Highlights Part 1: Red Chair PGH Nov. 2017; Keynote: “Filling the Pipeline with Talent”

Hey boys! For those of you who wanted to attend Red Chair Pittsburgh 2017 event – the girls-only event left available for only a select few ladies – here’s what you missed:

What is the purpose of the Red Chair?

  •  Challenge. Innovation. Creativity. Strength. Reinvention. Sustainability.
  • The Red Chair is a physical representation of men and women “sitting” to take a stand about the value that women bring to Computing and IT.
  • having women in the IT and Computing workforce means…
    • Expanded talent pool: we need more people involved in IT due to the span of careers creating a shortage in workers to fill these future job opportunities.
    • Improved technical innovation: greater diversity means people of varying backgrounds which means more perspectives to look at a problem.  Problem solving can be done quicker when you are able to assess the many angles of a problem.  Better assessment means better solutions.
    • Increased ROI: “Research shows that companies with the highest representation of women in their management teams have a 34% higher return on investment than did those with few or no women.”

Keynote: “Filling the Pipeline with Talent”

Carole Frieze

  • Director of Women@SCS and SCS4ALL; these organizations focus on building community on campus, and provide leadership opportunities as well as networking ones. Most importantly, these organizations focus on promoting diversity in Computer Science.
  • working on diversity and inclusion in CMU’s Computer Science division for 17 years.
  • researches
    • culture of computing
    • stereotypes
    • myths
    • unconscious bias
  • Winner of 2016 AccessComputing Capacity Building Award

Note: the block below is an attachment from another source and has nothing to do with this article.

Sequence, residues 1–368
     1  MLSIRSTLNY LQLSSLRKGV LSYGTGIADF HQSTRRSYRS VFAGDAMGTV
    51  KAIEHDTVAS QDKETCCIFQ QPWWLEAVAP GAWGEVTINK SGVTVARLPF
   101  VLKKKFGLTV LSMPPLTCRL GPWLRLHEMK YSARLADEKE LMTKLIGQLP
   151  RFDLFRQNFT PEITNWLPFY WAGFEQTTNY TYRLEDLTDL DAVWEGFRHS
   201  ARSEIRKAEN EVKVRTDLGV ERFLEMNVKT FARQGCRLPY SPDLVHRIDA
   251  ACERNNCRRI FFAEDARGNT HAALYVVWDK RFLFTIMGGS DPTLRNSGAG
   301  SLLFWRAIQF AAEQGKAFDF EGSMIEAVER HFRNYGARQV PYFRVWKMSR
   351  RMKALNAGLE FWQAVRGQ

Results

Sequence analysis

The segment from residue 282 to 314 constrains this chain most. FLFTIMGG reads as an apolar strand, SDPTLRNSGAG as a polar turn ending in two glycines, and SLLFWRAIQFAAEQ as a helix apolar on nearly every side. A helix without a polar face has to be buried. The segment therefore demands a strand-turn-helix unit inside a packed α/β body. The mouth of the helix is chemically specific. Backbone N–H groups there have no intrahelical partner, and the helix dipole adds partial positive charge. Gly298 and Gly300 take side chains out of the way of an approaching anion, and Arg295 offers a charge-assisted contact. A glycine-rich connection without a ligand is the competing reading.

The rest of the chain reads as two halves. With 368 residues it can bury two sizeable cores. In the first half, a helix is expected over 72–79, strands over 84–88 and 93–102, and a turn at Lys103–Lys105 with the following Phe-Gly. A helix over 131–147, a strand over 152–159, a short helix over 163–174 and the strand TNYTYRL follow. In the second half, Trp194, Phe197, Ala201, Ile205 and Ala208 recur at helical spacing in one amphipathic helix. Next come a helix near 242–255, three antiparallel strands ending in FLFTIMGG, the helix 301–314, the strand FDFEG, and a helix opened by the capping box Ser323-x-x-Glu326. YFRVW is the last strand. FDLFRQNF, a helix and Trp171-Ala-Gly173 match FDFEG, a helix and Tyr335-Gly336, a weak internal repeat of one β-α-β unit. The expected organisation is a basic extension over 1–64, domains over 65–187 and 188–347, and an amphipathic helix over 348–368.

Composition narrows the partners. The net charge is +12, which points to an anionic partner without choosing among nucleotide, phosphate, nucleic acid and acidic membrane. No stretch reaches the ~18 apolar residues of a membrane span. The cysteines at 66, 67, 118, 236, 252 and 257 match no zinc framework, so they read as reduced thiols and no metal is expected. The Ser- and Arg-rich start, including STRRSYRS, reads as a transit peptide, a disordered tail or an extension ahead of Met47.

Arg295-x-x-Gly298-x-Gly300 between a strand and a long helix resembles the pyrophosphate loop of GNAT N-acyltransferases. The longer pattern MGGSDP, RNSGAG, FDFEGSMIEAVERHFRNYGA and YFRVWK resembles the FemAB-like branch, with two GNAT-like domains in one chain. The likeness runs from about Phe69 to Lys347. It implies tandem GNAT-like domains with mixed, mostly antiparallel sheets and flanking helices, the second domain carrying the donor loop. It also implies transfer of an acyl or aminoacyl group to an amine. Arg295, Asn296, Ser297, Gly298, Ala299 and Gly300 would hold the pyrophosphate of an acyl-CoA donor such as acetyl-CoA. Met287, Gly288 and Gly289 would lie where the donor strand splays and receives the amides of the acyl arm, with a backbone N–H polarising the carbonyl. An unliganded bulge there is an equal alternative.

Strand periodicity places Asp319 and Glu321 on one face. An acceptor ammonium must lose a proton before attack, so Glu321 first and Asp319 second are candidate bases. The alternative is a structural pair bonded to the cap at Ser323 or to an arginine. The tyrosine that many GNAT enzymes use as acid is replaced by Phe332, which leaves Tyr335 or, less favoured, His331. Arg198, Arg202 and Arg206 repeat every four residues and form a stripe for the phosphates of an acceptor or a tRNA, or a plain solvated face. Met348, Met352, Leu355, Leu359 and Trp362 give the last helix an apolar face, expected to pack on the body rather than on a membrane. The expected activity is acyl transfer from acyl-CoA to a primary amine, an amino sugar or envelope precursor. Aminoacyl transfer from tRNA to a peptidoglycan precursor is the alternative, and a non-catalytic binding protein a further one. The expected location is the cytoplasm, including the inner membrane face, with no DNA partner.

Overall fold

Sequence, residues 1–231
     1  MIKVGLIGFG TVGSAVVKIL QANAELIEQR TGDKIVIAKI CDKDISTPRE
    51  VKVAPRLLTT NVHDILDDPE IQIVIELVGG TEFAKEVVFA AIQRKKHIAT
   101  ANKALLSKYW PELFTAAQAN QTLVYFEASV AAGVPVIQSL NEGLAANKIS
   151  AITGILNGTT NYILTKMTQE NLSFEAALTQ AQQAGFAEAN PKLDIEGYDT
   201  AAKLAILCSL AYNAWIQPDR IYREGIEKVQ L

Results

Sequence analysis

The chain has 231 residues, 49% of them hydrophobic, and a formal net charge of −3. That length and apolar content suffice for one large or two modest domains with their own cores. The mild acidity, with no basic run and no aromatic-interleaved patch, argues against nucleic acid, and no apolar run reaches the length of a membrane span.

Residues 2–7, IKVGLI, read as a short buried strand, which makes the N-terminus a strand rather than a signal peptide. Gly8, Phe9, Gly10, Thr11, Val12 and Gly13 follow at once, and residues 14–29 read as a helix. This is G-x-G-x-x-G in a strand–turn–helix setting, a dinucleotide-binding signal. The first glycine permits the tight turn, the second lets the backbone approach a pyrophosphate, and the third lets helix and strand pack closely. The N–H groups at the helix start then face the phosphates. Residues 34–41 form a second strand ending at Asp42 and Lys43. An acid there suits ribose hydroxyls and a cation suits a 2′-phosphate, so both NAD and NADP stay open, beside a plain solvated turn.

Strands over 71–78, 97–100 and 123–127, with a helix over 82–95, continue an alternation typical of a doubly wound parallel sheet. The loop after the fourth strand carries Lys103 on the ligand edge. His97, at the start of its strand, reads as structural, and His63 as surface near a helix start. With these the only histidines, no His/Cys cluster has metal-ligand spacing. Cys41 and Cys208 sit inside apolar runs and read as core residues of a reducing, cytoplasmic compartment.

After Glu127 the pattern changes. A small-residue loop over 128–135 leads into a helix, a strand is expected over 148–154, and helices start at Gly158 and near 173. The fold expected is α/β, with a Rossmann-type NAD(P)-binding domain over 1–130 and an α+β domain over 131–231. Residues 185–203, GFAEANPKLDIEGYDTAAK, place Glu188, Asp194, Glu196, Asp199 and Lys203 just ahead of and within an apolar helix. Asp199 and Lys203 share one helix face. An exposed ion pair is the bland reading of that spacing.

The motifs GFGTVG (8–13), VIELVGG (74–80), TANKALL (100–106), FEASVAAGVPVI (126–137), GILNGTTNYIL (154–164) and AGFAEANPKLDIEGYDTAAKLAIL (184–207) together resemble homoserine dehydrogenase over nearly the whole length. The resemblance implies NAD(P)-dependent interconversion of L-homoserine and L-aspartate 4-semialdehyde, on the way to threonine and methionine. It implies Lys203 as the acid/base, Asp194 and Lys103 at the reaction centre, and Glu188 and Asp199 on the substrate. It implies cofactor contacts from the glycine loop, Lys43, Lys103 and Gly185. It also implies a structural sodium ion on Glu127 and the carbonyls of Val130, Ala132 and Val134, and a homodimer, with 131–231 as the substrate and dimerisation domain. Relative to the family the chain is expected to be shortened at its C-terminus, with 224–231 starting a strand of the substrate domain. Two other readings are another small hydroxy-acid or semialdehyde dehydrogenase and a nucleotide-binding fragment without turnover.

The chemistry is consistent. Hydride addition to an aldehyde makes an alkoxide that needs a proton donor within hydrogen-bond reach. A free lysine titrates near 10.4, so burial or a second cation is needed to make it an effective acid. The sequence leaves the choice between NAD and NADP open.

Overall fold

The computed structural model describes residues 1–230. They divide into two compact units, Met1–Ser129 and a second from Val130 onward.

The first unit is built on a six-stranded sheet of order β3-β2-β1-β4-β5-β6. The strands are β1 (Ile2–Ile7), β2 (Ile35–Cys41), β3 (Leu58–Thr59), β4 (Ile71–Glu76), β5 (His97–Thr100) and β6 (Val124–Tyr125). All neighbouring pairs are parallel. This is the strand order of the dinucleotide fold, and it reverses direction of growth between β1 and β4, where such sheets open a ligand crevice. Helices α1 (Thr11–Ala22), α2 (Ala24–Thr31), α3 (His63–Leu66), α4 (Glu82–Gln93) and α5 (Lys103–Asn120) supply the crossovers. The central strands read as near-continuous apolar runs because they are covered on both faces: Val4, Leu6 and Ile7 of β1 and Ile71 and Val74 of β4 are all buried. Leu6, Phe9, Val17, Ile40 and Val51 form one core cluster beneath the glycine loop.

• Winner of 2017 Computing Research  Associations A. Nico Haberman Award
  • co-author of Kicking Butt in Computer Science: Women in Computing at Carnegie Mellon University

Jeria Quesenberry

  • Ph.D
  • Associate Teaching Professor in the Information Systems Program in the Dietrich College of Humanities and Social Sciences at CMU.
  • Research:
    • cultural influences on information technology post-secondary students
    • social inclusion
    • how to broaden participation
    • values behind chosen careers
    • work and life balancing
    • organizational intervention
  • Teaches:
    • global systems
    • social informatics
    • strategic value of information systems
    • web design and web development
    • project management
  • Doctorate of Philosophy degree in Information Sciences and Technology from the Pennsylvania State University

The Presentation

Introduction

  • Intro: 50% women in computer science major in CMU – big success that deserves recognition; fueled by their hard work researching, and implementing ways to create diversity in computing and IT.
  • Because IT is one of the best rated job areas as far as growth and personal satisfaction, this is an important field to get anyone involved in.
  • 2016 CRA Taulbee report showed that only 18% of the pool of Computing and IT students were female.